PRETTY WOMAN IN CLEVELAND, OHIO

This Cabinet card features a pretty young woman posing for her portrait in Cleveland, Ohio. The Kitzsteiner & Noville studio produced this photograph. Paul Kitzsteiner (1854-1923) operated a studio in Selinsgrove, Pennsylvania (date unknown) and was active in Cleveland, Ohio, from the  1870’s until 1889. There is an article about a Paul Kitzsteiner in Abels Photographic Weekly (1912). The magazine reports that he was working for Artex Photo Paper Company of Cleveland, Ohio and that he “has done yeoman service in the interests of photographers”. The writer also asserts that “Kitz” has travelled and demonstrated for photographers and printers, since 1870. Perhaps Kitzsteiner left the photographic studio business to pursue work as a photographic supply salesman. The 1900 census reveals that Kitzsteiner was of German descent and his wife’s name was Rosamund (born 1859). He had two daughters, Manda (age 15), and Edna (age 12). In addition to his family, he lived with his mother-in-law  and father-in-law (Ellen and Sam Searse), his dentist brother (Richard), and a boarder. One hopes that Kitzsteiner had a big house to accommodate such a crowd. Kitzsteiner’s partner, Otto Noville, doesn’t seem to have left much of a legacy in the field of photography; no information about his career was gleaned from research. However, he may have left a very large legacy in the field of aviation and exploration. Why the tentativeness concerning his legacy? The reason is that there was an Otto Noville as well as a Otto J. Noville living in Cleveland. One of the Noville’s was the father of George Otto Noville, a pioneer in polar and transatlantic aviation in the 1920’s. He was also a winner of the Distinguished Flying Cross. Among his many accomplishments was his service with Commander Richard Byrd on his historic flight to the North Pole. Otto J. Noville (1872-?) is listed in the 1900 United States Census along with his wife Nellie (1872-?). His occupation is listed as “Salesman-Notions”. In fact, he was a hat manufacturer. Maybe his career as a photographer hadn’t yet started,  or had already ended. The most likely scenario is that Otto J. Noville is the father of George Otto Noville, and Otto Noville, is the photographic artist.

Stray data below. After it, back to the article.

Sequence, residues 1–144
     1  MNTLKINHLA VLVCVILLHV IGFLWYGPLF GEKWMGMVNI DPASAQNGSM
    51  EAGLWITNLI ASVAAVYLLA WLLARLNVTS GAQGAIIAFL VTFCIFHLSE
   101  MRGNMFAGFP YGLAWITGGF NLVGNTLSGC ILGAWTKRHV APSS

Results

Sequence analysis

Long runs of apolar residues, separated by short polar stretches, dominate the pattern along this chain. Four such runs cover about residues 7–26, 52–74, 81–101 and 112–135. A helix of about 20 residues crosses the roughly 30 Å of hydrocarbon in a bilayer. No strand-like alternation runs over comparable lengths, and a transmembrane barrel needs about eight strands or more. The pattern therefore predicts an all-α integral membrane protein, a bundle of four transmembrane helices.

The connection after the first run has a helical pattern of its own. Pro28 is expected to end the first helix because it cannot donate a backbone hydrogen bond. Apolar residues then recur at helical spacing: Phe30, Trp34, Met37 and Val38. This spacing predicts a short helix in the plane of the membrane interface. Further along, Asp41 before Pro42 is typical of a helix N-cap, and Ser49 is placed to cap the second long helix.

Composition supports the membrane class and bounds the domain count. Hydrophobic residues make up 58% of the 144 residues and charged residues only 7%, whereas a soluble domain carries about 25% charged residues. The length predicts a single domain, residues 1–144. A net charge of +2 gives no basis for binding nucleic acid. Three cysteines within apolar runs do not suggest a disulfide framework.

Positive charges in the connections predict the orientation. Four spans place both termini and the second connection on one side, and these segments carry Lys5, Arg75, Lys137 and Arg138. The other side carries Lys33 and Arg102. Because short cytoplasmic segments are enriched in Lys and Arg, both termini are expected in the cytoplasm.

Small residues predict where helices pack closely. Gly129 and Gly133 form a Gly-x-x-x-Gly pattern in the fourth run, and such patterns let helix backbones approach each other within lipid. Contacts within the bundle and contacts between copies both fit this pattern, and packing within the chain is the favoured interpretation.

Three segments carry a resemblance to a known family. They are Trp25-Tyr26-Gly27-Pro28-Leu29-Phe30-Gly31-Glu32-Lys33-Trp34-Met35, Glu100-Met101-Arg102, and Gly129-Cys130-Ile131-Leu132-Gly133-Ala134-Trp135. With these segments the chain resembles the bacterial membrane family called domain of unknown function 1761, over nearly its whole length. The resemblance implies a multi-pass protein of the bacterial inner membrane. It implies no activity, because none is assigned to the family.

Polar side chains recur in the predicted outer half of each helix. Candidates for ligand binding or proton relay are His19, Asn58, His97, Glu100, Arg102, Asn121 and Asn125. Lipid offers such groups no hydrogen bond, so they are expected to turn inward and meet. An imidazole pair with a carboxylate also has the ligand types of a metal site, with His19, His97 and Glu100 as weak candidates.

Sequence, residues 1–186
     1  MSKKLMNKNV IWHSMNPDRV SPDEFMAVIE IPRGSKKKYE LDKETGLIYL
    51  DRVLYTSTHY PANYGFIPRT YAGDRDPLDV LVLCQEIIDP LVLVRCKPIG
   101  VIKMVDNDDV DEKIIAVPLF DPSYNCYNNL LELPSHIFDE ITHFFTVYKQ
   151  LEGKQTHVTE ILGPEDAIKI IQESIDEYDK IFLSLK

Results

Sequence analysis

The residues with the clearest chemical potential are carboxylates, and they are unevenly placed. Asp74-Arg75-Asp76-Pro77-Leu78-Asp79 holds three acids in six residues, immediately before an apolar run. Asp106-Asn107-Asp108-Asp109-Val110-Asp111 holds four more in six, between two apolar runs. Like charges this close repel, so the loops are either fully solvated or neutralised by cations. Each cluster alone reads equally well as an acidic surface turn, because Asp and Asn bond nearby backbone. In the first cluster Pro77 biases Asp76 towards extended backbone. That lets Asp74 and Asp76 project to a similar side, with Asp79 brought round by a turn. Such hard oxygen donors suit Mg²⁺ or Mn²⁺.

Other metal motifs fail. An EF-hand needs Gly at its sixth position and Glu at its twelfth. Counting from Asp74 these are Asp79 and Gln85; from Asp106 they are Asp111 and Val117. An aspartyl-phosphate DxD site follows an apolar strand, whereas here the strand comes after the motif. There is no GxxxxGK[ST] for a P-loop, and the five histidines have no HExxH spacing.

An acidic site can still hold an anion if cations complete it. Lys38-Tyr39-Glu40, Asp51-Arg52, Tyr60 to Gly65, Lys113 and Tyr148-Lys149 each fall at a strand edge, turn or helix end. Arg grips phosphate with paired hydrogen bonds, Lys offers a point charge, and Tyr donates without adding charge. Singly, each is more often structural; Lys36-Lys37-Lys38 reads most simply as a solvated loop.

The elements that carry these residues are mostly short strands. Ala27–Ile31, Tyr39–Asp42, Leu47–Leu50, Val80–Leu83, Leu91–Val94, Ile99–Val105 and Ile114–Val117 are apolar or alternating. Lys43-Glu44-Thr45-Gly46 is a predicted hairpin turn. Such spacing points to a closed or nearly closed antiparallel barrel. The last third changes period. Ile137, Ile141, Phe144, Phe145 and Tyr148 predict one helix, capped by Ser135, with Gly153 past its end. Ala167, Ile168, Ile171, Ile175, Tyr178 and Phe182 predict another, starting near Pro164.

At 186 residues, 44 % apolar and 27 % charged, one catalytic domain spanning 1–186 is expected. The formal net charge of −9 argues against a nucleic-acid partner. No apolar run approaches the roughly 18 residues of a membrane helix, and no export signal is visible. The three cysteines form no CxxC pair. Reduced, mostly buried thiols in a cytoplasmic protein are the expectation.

Advertisements